O’Donnell’s last cap came a year ago in Scotland’s 2-2 draw in Austria.

Charlie Mulgrew

First capped in 2011, Charlie Mulgrew brought experience and versatility to Scotland’s back line and he had scored in his previous international appearance, in a 2-1 defeat in Israel the previous October.

Having missed the five games since, he went straight in to Clarke’s first team but the new manager’s arrival, and subsequent results, were to draw a close on his international career.

After the win over Cyprus, Mulgrew only played in four more internationals: the bruising home and away defeats to Belgium and Russia that underlined how far Scotland had to go.

The former Celtic and Aberdeen player, who earned 44 caps in all, left Blackburn in 2021 to join Dundee United where he is currently working to avoid relegation to the Championship.

Scott McKenna

Scott McKenna made his debut the previous year, starting against Costa Rica in March 2018 and gathering ten caps before Clarke’s arrival.

The new boss kept faith with the centre-back and has done since, with the former Aberdeen stopper becoming a Scotland regular.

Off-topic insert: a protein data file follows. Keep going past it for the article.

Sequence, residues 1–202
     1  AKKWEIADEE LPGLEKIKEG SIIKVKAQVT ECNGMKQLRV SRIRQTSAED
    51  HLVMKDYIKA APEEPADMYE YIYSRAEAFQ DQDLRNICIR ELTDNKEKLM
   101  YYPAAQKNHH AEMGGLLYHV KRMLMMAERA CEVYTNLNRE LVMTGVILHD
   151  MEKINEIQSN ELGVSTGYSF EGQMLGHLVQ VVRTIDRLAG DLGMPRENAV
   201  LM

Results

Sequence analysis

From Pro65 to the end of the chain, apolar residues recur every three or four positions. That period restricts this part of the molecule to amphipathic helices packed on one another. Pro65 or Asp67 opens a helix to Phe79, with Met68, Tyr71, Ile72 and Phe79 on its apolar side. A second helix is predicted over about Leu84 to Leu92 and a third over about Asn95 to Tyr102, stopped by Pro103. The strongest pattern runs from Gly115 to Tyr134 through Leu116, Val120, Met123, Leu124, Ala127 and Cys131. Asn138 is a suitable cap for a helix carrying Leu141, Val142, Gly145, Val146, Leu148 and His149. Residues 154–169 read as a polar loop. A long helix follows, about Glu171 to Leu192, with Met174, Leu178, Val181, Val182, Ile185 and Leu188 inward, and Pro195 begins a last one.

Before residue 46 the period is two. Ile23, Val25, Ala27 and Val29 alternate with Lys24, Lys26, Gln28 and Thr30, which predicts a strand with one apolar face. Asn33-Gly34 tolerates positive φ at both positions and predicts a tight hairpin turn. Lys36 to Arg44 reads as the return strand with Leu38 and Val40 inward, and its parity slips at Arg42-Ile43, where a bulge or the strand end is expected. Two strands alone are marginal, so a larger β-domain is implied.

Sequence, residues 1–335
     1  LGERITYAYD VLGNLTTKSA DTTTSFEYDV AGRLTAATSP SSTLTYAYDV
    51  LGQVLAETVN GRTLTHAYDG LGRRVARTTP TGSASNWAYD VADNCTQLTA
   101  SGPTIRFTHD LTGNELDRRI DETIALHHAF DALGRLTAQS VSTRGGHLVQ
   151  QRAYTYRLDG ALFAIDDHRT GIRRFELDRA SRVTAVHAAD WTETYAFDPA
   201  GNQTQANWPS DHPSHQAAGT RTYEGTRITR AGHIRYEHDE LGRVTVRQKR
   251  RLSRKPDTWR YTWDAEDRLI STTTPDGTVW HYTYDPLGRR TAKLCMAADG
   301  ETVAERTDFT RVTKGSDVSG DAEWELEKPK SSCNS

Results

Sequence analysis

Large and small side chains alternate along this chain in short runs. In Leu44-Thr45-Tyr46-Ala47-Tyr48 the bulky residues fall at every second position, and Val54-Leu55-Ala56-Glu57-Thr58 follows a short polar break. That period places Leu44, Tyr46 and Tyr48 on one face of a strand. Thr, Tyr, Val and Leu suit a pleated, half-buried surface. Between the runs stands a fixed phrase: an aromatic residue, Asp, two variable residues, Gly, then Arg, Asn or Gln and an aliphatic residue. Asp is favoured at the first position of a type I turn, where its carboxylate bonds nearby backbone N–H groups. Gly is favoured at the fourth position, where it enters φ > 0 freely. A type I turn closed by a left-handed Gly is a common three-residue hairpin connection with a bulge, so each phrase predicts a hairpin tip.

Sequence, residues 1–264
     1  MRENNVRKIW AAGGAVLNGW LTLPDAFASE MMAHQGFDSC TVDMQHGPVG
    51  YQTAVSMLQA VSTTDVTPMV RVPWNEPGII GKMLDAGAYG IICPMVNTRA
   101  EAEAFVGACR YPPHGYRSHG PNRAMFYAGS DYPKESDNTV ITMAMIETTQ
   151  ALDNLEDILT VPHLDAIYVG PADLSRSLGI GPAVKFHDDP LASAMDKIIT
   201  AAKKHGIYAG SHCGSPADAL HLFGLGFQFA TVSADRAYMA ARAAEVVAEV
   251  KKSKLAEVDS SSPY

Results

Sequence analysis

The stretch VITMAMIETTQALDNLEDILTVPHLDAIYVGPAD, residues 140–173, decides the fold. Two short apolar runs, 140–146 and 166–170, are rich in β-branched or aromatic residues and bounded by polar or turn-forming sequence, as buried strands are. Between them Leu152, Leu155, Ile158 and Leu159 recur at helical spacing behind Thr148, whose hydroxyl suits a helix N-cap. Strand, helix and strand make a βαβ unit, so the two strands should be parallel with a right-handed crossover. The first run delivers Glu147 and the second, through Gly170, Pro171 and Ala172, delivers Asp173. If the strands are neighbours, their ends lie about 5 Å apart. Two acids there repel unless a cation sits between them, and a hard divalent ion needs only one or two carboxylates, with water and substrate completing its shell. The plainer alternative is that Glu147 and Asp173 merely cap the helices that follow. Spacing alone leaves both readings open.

Now at Nottingham Forest, where he’s played 18 Premier League games this season, McKenna is on 29 caps and looks set to earn plenty more. A hamstring injury has ruled him out of the current squad but he is still in Clarke’s plans.

Andy Robertson

On taking the job, one of the questions being posed to Clarke was how he would accommodate his two outstanding left-backs in the same team.

Celtic star Kieran Tierney and Liverpool’s Champions League-winning full-back Robertson both had plenty of weight to their claim to be included and every supporter wished there was the same level of competition elsewhere on the park.

Clarke would find a system that allowed both to flourish, but in his first match there was no decision to make with Tierney absent through injury.

Robertson wore the captain’s armband and set Clarke on the path to victory with the opening goal against Cyprus, a rifled shot that was his third in a Scotland shirt.

Now on 60 caps, Robertson is expected to lead the team out against Cyprus on Saturday as he continues to be a key player for Clarke’s Scotland.

John McGinn

Another Hall-of-Famer, Tartan Army favourite John McGinn had three years of Scotland experience behind him when Clarke arrived and has thrived since.

Given the nod in a midfield trio against Cyprus, McGinn would take on a slightly more advanced role in the games that immediately followed, with seven goals in the next six games in 2019.

Now with 15 goals from 52 caps, the Aston Villa star is a fixture in Scotland’s midfield and a player Clarke will depend upon through the new qualifying campaign.

Kenny McLean

McGinn’s former St Mirren teammate Kenny McLean had scored his only goal for his country in the 2-0 win over San Marino just before Clarke’s appointment and he kept his place when the new manager drew up his first team sheet.